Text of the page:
In 2017, the spectacular rise in the price of bitcoin and the fear of a bubble led the central banks and regulators to position themselves in relation to cryptocurrencies or cryptoassets, producing a very wide variety of responses, ranging from various forms of acceptance and regulation to ban.
In East Asia, China and Japan are among the countries where the cryptocurrencies fever has been more acute, accounting for a very high proportion of global transactions in different moments. However, the two countries have adopted opposite positions in relation to cryptocurrencies: China has been restricting their use since 2017 and has completely banned both Initial Coin Offerings (ICOs) and the activity of cryptocurrency exchanges in its territory, while developing research related to the blockchain, the innovation which sustains cryptocurrencies. In contrast, the Financial Services Agency of Japan has adopted a position among the most favorable worldwide, considers cryptocurrencies as means of payment, introduced a licensing system for electronic platforms and has been responding with specific regulations to fraud and theft at exchanges.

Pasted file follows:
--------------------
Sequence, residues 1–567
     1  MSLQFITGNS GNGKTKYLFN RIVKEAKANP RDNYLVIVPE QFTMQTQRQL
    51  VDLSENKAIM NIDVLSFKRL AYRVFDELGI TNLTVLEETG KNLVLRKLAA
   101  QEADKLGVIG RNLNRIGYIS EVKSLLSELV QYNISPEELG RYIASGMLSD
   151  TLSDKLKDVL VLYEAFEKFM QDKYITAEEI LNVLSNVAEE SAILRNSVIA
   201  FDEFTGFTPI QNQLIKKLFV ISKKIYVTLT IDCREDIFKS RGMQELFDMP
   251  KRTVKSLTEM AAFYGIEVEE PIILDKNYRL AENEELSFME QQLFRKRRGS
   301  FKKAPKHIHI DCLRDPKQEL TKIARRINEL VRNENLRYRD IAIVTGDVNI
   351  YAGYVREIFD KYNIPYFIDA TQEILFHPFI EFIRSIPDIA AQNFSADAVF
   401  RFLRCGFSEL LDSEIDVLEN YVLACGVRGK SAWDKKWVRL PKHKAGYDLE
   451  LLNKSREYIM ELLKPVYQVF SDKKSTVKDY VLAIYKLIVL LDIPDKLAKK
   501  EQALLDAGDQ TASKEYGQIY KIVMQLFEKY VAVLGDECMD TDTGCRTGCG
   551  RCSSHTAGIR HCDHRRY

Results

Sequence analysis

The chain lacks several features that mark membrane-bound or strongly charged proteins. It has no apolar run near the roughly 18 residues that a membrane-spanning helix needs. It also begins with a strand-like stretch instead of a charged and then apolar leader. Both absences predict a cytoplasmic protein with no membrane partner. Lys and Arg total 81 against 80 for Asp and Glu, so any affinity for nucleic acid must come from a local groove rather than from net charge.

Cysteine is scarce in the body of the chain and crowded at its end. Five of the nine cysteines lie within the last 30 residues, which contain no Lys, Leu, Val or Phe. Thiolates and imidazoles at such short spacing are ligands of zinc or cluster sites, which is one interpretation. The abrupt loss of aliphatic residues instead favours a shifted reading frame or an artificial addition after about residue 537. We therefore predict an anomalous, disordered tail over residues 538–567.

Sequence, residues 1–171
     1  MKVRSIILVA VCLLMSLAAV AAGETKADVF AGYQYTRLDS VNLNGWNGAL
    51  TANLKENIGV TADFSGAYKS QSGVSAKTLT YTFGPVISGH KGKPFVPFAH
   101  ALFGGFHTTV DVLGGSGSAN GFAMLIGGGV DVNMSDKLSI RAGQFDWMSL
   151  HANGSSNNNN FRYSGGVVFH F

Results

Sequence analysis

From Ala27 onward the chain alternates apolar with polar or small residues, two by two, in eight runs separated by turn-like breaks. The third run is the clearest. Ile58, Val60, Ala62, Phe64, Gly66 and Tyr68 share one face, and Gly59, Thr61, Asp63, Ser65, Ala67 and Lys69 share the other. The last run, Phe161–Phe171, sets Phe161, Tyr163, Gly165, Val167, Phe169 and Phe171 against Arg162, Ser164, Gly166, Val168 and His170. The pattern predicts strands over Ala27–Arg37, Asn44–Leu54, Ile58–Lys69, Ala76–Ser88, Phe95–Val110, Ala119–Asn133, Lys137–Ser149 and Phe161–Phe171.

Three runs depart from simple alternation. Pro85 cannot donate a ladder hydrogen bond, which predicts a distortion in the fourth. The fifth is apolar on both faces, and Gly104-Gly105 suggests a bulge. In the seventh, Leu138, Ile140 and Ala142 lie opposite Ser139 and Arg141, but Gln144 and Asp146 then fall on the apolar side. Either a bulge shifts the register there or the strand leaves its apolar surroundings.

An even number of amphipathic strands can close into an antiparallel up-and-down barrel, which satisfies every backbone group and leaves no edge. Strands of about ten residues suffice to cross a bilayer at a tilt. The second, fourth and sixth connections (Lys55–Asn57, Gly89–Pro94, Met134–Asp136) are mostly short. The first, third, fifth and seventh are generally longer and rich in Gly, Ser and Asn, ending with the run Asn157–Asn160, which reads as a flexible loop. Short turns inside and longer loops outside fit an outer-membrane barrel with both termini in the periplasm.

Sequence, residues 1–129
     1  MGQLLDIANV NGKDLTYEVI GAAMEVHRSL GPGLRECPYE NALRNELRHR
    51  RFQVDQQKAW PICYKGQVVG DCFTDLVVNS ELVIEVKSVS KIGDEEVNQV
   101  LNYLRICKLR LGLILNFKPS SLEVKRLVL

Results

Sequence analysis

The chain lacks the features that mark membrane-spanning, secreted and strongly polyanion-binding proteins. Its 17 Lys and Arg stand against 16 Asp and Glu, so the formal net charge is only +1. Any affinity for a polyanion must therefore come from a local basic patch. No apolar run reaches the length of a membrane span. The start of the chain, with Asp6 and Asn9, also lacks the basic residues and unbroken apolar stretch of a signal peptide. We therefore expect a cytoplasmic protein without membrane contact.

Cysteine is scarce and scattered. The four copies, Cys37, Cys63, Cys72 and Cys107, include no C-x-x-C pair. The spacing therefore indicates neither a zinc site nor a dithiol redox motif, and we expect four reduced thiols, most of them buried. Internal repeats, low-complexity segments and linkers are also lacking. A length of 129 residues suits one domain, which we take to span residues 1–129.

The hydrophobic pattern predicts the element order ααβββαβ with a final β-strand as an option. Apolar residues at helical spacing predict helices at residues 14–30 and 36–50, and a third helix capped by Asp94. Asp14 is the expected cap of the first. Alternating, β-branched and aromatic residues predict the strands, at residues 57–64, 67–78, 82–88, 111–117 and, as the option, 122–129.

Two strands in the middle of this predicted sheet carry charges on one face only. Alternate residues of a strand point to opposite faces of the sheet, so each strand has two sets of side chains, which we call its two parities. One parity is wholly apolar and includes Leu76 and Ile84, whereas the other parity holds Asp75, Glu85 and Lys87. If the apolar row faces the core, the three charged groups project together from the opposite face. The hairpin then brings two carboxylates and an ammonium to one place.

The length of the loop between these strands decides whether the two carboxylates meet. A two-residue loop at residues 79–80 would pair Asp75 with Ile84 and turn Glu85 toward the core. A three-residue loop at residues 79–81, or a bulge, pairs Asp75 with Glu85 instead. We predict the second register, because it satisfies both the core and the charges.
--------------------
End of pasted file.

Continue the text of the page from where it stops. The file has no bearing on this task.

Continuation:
This paper seeks to analyze these contrasting positions. It aims to establish precisely the measures adopted in both countries, relating them to the specific challenges and the trajectory of their respective financial and fintech sectors, and to discuss which objectives may have predominated -respectively improving the position of the Japanese financial centre through the development of a promising frontier market, or privileging the stability of the domestic financial sphere and a controlled capital account in the case of China.